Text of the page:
Salem and the supernatural
March 1692 was a dark month for the village of Salem, Massachusetts. Three women - Tituba, Sarah Good and Sarah Osborne - were blamed for causing the young girls of the Puritan community to have "supernatural fits'" and were brought before local magistrates on 1 March accused of witchcraft. Tituba's confession sparked paranoia: by 1693, 20 residents had been executed for using "dark magic".
How can you teach about it?
The events of Salem inspired Arthur Miller's play The Crucible, a popular GCSE text for the AQA controlled assessment. TES Resources has a collection of activities and lesson plans to help you teach about this dark tale set in the panic-stricken American village. The collection includes:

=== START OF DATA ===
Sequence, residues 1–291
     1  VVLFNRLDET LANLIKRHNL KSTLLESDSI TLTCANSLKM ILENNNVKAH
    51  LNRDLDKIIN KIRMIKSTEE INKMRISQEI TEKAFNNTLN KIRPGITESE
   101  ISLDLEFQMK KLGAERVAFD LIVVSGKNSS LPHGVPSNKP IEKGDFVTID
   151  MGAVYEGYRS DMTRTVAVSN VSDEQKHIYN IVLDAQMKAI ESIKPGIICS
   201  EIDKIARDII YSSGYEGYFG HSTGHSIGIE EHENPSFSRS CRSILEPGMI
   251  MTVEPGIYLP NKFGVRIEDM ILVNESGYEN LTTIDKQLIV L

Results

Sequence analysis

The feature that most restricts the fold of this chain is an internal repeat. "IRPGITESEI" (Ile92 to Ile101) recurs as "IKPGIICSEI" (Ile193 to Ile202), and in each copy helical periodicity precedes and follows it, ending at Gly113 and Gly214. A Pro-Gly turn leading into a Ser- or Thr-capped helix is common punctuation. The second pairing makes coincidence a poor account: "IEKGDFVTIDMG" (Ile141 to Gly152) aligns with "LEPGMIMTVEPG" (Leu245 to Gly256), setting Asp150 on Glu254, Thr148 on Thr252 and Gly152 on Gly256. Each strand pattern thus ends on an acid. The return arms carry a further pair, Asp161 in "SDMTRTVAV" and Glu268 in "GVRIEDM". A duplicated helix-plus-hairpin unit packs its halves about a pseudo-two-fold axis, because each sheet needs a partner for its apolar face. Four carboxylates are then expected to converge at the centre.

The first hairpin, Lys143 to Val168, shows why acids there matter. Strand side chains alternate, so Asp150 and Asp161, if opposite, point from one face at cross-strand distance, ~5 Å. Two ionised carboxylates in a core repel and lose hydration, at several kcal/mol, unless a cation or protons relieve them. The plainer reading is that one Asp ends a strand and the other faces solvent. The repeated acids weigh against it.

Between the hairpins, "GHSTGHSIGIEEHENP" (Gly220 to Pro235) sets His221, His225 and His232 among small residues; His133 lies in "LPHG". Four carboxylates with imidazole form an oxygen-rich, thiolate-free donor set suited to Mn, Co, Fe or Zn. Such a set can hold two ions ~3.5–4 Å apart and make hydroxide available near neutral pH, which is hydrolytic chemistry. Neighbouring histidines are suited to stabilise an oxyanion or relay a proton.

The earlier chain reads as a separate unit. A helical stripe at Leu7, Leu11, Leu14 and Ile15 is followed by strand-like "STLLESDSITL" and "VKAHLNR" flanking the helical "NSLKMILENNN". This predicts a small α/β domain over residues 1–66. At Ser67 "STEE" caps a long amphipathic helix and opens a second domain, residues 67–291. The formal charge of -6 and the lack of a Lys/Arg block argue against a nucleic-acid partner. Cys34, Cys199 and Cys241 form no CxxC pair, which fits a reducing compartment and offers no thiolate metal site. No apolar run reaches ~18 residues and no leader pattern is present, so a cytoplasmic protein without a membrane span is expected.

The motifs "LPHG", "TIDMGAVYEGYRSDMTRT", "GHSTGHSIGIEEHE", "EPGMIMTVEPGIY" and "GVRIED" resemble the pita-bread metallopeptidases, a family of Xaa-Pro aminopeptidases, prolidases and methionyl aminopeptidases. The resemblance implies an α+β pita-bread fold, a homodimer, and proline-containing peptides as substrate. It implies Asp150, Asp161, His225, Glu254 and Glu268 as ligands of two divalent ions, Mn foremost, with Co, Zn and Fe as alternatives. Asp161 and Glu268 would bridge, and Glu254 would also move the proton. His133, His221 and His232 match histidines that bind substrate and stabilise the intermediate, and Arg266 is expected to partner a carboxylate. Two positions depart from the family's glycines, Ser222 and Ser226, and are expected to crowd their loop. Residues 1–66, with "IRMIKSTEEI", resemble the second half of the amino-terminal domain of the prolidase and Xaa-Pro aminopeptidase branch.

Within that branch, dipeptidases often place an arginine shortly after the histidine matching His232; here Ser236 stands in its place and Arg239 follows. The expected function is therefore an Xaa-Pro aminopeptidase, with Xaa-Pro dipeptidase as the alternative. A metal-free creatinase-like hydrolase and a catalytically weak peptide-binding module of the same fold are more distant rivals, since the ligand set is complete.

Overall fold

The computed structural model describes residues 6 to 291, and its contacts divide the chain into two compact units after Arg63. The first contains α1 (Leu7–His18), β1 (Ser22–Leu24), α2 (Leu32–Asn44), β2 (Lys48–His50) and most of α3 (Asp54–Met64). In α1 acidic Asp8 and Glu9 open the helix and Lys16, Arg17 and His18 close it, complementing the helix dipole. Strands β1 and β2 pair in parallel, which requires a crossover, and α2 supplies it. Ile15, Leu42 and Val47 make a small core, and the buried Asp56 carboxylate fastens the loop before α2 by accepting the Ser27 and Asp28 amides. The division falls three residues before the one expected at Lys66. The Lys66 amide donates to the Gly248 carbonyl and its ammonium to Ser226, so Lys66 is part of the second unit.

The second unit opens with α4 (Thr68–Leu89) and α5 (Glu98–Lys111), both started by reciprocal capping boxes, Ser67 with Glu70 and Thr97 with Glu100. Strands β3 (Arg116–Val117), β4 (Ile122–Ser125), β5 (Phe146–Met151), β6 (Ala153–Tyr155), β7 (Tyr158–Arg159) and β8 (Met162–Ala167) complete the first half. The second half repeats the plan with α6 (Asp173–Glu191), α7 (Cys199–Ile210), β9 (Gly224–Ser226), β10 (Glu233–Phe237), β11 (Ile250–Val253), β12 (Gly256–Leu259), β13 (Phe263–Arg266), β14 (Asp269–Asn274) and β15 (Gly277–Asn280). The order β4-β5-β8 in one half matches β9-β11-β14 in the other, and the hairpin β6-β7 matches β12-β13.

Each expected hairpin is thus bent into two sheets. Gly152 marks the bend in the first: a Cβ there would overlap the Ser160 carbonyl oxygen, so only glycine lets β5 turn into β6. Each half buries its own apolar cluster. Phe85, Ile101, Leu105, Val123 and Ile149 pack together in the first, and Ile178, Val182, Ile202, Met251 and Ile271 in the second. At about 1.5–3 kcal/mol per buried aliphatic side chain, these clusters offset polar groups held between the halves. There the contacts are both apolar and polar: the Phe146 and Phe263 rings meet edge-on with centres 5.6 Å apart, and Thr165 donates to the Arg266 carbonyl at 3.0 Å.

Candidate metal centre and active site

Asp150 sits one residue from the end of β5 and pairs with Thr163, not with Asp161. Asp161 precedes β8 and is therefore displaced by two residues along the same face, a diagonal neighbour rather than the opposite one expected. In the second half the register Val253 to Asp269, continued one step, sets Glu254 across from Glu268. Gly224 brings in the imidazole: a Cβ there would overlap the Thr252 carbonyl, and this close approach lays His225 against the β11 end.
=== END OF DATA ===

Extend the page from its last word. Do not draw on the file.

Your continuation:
- a teaching guide explaining exam criteria and grading;
- a complete scheme of work including starters, investigation tasks, assessment, plenaries and homework;
- a student workbook;
- resources for 24 lessons covering: symbolism and themes; an introduction to Salem and the witch trials; character relationships; decoding quotations; speaking and listening assessment; role playing; comparing characters; sample essays; assessment criteria and how to write an A* essay.